This is a funny story, a cute story, a story of the woman who incessantly shoved dollar bills into my pocket as I was growing up. I saw her all the time, on Sundays for the family dinner, and other times when I would just go over to see her and maybe take her to the doctor or on an errand. She also took several buses to come see us in the suburbs of Cleveland as well, bringing delicious fresh Auburn Bakery sourdough bread and a special tall and light version of cheesecake. She was a hoot of a woman, had had a pretty hard life, didn’t really get along with my grandfather, and yet stayed with him. That is what you did in those days.
They were like cat and dog, my grandparents. She married him so he would take her home to Hungary, where they were both from, but as so many things in life, something got in the way. In this case, it was WWI. She came by herself on a boat from Hungary when she was 19, so I am kind of surprised she just didn’t do it by herself. Maybe, despite what I deemed to be a less than perfect relationship, there was something there, even a little something. When Grandma died in 1975, Grandpa Bori was despondent and on her deathbed and later, he lamented his huge loss.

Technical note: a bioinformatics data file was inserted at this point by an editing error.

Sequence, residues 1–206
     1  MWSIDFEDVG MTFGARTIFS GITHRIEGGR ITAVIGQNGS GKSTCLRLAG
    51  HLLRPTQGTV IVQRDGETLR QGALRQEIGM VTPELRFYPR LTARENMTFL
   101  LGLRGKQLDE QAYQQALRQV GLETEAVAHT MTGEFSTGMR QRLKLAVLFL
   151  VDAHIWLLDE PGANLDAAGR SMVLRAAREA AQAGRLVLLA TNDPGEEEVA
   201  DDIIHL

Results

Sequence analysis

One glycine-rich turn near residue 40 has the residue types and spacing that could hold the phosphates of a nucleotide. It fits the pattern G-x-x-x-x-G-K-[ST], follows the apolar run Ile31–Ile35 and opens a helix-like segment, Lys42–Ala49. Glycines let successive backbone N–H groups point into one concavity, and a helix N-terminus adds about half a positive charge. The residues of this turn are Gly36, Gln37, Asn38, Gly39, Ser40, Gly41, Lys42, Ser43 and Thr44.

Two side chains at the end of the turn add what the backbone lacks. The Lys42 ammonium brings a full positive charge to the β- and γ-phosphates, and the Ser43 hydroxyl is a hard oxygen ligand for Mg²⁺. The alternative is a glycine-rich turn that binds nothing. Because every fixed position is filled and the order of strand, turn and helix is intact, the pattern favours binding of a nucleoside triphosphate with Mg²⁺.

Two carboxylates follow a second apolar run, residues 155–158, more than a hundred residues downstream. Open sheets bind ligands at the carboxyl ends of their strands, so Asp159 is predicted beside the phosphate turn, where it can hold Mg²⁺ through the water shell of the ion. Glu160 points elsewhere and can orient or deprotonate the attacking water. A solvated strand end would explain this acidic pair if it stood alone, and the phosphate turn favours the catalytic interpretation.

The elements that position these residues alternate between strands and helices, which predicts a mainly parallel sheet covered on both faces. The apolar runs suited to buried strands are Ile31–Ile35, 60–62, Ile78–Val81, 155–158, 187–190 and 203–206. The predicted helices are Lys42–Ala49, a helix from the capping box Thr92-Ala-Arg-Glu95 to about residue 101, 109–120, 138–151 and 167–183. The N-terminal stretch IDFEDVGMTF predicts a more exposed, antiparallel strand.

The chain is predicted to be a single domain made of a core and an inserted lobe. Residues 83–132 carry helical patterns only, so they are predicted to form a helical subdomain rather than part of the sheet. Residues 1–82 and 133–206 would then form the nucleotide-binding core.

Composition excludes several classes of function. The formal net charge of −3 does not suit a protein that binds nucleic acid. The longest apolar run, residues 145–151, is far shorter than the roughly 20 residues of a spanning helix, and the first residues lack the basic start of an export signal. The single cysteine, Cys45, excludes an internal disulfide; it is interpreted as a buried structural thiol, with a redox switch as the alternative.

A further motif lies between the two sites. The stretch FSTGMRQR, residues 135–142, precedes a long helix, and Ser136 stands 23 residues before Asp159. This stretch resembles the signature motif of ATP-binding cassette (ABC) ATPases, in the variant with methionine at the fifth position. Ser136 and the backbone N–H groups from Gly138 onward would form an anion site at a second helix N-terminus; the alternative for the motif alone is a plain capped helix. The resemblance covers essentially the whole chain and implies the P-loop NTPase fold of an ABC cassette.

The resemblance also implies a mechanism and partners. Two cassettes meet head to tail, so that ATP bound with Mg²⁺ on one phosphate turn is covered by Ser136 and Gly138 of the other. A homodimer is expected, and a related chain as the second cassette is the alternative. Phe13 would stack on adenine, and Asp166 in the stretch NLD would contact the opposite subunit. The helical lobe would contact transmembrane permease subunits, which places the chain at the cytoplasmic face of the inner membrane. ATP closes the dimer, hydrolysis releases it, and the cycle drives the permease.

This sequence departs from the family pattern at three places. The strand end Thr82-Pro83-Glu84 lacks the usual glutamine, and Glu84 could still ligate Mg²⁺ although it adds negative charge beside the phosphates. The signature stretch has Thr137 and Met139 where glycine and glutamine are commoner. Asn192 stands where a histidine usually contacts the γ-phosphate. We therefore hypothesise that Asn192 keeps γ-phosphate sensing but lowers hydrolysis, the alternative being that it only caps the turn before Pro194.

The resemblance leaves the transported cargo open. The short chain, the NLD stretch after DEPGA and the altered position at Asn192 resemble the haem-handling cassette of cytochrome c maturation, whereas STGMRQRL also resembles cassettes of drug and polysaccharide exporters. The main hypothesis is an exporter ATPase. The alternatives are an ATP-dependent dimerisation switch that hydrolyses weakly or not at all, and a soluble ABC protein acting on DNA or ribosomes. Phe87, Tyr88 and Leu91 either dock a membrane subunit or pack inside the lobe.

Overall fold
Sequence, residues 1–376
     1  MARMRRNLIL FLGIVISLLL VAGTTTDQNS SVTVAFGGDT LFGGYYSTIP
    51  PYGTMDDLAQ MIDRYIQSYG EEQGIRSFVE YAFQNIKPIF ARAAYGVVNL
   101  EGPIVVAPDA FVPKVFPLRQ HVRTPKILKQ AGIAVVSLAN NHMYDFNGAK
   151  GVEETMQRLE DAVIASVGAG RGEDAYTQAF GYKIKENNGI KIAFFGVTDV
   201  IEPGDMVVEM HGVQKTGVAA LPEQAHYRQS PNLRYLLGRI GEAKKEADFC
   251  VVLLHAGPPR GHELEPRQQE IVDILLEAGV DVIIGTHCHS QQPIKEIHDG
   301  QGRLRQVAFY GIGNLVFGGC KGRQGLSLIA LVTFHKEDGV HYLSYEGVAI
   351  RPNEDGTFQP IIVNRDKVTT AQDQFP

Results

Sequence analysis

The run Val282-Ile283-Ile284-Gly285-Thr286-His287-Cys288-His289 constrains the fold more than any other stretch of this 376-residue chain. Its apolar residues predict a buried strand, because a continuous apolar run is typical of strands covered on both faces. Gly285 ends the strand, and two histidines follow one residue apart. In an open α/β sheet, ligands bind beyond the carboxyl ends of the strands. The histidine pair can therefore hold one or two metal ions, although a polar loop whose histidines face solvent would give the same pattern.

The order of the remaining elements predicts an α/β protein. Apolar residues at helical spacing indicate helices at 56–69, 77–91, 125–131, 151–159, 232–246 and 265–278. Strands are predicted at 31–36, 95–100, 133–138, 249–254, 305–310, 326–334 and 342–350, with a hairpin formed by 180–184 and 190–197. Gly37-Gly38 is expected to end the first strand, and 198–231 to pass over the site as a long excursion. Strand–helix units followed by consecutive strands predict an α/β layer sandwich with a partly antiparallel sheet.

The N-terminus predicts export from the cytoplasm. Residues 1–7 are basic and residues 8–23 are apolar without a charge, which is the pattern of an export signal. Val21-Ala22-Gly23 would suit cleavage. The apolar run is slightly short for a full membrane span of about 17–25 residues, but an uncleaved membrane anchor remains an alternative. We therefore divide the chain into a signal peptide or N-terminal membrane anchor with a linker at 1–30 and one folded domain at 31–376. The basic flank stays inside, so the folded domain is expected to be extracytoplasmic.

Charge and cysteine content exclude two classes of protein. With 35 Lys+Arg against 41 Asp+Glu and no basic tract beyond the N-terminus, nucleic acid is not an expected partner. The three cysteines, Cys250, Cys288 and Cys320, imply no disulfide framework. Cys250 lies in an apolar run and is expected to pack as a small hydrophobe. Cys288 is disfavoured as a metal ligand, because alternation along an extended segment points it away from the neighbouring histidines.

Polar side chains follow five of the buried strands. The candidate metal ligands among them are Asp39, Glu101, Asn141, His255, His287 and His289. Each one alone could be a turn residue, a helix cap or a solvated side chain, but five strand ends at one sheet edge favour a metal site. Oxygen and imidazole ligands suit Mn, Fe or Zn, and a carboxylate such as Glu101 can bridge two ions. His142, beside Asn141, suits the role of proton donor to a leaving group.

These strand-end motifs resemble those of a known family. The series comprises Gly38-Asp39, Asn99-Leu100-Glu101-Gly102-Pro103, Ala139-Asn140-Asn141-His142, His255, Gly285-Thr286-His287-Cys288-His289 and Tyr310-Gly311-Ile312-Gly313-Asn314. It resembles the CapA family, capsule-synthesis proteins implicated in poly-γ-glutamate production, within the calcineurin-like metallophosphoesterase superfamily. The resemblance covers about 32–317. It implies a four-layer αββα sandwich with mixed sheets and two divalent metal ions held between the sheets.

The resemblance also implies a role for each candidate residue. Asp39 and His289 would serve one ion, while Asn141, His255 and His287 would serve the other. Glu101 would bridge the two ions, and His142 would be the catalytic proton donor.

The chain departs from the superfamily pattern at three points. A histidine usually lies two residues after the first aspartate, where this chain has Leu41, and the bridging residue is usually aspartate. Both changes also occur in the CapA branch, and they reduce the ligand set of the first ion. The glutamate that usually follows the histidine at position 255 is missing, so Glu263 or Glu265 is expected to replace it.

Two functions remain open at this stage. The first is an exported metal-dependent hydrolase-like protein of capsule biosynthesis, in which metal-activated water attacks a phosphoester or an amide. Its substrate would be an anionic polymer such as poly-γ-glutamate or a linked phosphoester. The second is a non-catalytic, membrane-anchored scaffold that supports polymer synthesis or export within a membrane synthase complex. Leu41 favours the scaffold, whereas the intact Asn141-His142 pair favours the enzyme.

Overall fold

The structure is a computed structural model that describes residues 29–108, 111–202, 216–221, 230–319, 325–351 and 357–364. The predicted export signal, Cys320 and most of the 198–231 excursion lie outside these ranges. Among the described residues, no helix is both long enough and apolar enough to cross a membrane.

Grandma Bori was really upset that she turned in her gold. People were told that they had to turn in their gold coins. My Grandfather forced this issue. My grandmother regretted it forever. On April 5th of 1933, President Roosevelt signed the Executive Order which President Gerald Ford later rescinded. By that time, the damage was done. I have never seen any of those gold coins. Grandma Bori was smart enough to know that although the order was signed, that not everyone turned it all in. The Bori family did.
I thus have silver coins. Silver coins that inhabit that ubiquitous Safe Deposit Box. I have silver coins that I don’t know what to do with. Besides shoving dollar bills into my pocket, she started shoving Kennedy half dollars and other coins, all from 1964 or earlier. Dimes and Quarters and Silver Dollars started showing up all the time. She said to me, “Save these, don’t let go of these, you will never see them again. I made a mistake with the gold.” She did this in a thick Hungarian accent and broken English until she died in 1975.
So now, what do I do with them? I keep thinking that my grandchildren would be great recipients of these coins. I am pretty sure that my sons might look at me as if I were crazy if I offered them this silver.
We shall see. Meanwhile, Grandma Bori, please don’t turn over in your grave.